... feminist, atheist, autistic academic and historic narrowboater ...
Likes snooker, beer, tea, rivets and solitude, and is strangely fascinated by the cinema organ.
And there might be something about railways.

Monday 18 March 2019


For that, sadly, is what the Great Western Railway Museum now feels it has to call itself, which is a bit misleading really, as they don't actually have any real live steam.

It's nine pounds something to get in, which makes it considerably less good value than the National Railway Museum in York, which has a lot more stuff and is free. But that's a national collection, and as such rightfully subsidised by the taxpayer, whereas Swindon's still very significant collection has to pay its way for the local authority. It's moved since I was last there, and now shares a site with an outlet shopping village, or shopping outlet village or whatever the right term is. I should not in fact be sniffy about this, as having arrived a little early for the museum, I killed a happy half hour buying four Monsoon blouses for fifty quid. Not since I worked in Portsmouth has such an opportunity presented itself. The only problem now is that I can't find any skirts I like to go with them - skirts seem to have seriously gone out of fashion - and am reduced to attempting to make one. That, however, is another story.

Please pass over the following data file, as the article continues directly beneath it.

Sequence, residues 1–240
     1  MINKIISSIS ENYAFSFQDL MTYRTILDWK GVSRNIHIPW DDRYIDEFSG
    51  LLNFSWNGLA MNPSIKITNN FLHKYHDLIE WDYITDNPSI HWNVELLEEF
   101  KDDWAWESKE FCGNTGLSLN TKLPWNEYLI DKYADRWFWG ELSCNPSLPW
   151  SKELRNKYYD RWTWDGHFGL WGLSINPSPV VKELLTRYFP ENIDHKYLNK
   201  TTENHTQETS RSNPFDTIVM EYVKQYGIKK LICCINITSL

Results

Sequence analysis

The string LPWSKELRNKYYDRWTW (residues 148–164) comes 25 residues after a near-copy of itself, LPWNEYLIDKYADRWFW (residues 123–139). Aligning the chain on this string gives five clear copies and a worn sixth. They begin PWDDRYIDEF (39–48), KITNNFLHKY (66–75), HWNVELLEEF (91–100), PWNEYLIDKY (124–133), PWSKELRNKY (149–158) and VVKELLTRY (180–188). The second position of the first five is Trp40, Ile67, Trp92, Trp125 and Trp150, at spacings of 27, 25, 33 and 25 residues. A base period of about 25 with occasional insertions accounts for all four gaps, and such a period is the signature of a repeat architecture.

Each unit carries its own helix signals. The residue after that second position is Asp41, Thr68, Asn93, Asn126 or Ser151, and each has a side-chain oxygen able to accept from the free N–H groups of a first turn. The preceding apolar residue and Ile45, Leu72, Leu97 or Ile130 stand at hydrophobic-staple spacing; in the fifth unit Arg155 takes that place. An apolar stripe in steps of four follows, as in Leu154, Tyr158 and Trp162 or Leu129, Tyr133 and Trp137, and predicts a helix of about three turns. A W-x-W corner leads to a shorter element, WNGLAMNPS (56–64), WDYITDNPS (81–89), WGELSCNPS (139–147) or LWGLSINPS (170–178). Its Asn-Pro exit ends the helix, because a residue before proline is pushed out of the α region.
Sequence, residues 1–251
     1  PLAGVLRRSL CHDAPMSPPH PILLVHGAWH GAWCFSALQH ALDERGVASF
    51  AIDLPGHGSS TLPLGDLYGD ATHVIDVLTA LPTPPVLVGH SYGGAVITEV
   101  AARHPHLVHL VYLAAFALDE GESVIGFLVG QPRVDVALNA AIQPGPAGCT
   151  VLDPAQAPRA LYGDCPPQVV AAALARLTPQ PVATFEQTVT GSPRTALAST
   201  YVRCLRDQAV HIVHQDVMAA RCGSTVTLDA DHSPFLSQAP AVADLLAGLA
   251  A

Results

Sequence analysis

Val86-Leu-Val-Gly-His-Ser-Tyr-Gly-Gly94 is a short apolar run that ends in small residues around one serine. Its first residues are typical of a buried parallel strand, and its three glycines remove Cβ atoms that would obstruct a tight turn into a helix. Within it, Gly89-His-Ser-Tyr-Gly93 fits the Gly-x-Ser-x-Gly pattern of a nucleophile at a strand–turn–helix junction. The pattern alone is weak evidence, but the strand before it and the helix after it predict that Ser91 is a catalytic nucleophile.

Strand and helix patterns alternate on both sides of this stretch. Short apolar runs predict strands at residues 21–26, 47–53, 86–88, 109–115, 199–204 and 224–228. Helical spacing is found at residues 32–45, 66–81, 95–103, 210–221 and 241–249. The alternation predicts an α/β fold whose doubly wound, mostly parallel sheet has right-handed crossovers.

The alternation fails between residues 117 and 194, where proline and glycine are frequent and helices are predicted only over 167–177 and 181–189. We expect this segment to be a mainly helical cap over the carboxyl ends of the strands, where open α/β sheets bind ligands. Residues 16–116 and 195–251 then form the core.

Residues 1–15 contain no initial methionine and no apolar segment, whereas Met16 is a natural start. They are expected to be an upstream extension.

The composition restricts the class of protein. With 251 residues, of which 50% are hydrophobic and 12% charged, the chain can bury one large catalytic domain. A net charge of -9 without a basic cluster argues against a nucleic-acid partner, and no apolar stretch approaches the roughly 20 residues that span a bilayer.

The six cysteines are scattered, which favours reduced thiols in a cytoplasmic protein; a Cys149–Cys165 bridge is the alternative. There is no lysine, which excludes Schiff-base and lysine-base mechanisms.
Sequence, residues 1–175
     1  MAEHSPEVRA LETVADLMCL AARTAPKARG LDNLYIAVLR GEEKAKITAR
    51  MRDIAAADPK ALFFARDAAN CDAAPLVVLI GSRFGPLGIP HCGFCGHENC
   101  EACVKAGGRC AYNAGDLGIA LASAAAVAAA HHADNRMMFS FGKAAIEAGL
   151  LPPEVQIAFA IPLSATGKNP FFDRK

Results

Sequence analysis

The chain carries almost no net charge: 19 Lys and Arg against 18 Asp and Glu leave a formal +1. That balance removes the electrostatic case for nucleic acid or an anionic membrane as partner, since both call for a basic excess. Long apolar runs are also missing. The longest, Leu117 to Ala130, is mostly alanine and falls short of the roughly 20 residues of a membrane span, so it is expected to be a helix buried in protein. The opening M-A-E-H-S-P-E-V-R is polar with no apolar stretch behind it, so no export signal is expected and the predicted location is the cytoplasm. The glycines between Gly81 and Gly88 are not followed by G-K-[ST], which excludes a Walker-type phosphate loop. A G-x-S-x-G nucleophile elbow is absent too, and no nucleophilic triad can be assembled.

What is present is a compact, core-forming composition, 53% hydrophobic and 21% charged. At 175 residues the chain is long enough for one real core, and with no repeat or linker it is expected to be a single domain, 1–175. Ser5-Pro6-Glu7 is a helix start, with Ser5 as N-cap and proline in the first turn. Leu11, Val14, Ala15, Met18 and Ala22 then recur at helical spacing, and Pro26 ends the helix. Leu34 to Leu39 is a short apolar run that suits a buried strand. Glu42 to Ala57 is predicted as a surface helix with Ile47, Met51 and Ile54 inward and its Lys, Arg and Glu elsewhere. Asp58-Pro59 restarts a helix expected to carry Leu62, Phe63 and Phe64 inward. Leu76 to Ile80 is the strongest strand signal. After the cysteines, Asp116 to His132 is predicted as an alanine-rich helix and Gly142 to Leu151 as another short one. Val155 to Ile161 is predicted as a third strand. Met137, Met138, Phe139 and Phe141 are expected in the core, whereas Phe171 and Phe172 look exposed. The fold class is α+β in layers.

I do like a recreated room, and I wanted to move into this office.
Then there was the stores...
But no man in a brown coat.
There were plenty of tableaux, big photos, and artfully arranged objets, but not much detail; not much hard history - it's very much a museum in the new mould now and I did feel I would have enjoyed it more if I had been a school party.

1 comment:

  1. Looking at that middle photo again, I do wonder whether any storesman (or wthatever the correct name is for a man in a brown coat) worth his salt would have allowed the rope to remain in that state.